foundations upward.  When you have an earthkwake (revolution),
however, the conditions of the system are violently transformed.

Gravity (a) gets "reversed" by vertical shaking or/and (b) gets
"challenged" by horizontal shaking.  IF the structure were the
single, unilateral, determination of the building, as it would have
to happen in an "Althusserian" design, then the whole thing would
instantly crumble down DUE TO ITS RIGIDITY.

So that the "intuitive" answer to earthkwakes (stronger, harder-to-
rock constructions) is the wrong answer. When the land shakes,
buildings actively "counter-shake", the uplifted (super- in Latin
roughly meaning "uplifted") side of the structure _actively_ reacts
against the movements challenging it from deep below, from the
stuctural foundations themselves. The whole thing reacts as if it
were (which it is) a _calculated custard_, and in the end, the
vertical and horizontal stresses are absorbed. The seismic building
will stand brightly pointing up to the sky over the blue waters of
San Francisco Bay Area, unchanged and unchallenged. Unlike the strong
oak that the hurricane tears out, the palm tree bends to the wind and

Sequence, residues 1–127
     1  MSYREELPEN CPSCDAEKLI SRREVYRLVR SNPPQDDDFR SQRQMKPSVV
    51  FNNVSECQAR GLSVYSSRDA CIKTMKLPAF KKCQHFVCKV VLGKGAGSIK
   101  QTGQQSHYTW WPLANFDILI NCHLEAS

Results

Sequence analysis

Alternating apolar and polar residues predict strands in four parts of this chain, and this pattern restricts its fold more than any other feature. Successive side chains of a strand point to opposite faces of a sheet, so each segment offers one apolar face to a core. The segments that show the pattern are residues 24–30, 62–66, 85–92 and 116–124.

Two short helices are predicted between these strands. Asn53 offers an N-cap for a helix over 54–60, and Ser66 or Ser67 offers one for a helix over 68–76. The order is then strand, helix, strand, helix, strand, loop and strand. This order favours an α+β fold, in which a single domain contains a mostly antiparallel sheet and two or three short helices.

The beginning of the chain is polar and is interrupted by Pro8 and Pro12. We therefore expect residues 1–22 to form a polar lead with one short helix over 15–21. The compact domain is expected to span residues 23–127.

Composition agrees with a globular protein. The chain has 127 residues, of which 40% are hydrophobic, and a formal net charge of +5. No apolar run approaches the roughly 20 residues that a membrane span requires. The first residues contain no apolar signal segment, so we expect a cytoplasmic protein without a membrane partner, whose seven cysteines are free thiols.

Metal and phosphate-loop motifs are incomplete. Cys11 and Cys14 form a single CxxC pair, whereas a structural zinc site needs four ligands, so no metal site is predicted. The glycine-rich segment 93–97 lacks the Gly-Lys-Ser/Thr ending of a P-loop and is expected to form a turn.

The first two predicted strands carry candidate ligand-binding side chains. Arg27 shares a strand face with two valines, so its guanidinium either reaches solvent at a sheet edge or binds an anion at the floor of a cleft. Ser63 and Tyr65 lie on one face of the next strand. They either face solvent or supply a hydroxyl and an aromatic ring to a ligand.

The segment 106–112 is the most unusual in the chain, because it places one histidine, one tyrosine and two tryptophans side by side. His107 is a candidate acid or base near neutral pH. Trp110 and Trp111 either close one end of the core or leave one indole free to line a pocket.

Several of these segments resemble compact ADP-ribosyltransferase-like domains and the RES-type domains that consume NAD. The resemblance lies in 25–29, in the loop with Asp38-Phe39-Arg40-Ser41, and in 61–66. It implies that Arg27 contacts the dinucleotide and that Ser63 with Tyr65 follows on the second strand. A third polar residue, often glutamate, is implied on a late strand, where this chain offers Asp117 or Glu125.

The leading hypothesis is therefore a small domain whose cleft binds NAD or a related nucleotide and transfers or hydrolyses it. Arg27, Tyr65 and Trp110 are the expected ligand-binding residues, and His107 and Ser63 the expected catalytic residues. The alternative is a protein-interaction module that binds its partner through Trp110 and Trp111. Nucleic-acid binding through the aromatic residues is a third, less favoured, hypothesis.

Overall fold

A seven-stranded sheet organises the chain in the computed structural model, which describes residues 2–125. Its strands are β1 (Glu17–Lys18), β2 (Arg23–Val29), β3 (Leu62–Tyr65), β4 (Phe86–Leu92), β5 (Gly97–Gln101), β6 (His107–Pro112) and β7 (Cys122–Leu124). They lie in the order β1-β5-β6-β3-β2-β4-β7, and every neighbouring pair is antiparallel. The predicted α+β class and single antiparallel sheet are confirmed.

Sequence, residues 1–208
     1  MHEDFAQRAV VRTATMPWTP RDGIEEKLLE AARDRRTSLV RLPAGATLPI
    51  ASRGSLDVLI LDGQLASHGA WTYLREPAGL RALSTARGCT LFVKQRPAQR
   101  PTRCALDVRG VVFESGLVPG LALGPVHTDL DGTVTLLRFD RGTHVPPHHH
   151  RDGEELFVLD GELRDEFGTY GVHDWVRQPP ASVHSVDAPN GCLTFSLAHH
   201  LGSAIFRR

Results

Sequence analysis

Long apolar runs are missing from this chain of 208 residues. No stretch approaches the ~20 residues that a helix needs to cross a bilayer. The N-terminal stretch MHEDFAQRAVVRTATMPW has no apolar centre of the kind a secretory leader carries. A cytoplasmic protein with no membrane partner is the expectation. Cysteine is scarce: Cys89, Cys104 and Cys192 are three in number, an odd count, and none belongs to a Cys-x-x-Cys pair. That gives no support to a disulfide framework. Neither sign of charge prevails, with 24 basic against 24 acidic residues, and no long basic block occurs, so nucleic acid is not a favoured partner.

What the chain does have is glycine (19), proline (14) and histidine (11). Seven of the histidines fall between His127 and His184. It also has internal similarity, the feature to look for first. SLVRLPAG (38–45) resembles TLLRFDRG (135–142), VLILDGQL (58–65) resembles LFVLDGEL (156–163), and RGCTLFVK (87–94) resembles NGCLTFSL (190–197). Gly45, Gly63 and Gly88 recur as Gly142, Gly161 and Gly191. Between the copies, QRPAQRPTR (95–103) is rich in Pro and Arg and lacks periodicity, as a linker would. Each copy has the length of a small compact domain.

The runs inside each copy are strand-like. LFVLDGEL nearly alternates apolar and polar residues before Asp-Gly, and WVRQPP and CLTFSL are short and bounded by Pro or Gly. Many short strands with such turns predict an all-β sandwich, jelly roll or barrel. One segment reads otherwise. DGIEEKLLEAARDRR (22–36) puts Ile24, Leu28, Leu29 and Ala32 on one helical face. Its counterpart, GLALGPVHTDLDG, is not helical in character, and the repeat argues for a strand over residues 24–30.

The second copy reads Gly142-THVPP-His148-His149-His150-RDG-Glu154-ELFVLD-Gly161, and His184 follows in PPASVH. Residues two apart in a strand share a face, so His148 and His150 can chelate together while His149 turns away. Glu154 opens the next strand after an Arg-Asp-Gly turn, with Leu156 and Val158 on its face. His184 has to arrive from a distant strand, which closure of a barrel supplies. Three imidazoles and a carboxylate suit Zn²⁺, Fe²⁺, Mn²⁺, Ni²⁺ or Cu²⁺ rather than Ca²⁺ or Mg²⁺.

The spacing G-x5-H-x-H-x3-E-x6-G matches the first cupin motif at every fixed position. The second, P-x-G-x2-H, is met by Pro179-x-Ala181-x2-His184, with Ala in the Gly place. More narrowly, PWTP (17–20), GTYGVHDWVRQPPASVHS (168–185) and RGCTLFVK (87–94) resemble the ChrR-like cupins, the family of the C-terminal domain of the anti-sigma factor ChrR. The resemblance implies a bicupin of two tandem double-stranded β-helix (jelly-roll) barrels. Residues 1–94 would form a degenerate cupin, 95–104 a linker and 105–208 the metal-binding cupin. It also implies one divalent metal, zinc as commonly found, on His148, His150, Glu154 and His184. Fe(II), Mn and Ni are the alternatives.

rebounds upwards again.

Of course, the analogy stops here. Societies never emerge from an age
of convulsion unchanged, as seismic buildings do ---and should do,
because that is what they are _designed for_: it would be quite
uncomfortable to find a wall today where yesterday we had a clear
passageway, of course, which is exactly what happens with social
structures after a revolution (But then, again, social structures are
undesigned, natural portions of reality.)

However, even in foreknowledge of this limit of the analogy, I found
it an useful didactical tool when explaining the complexity of the
relations between structures and super-structures against the
debasement of these concepts by vulgar materialists.


Néstor Miguel Gorojovsky
nestorgoro at

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"Sí, una sola debe ser la patria de los sudamericanos".
Simón Bolívar al gobierno secesionista y disgregador de
Buenos Aires, 1822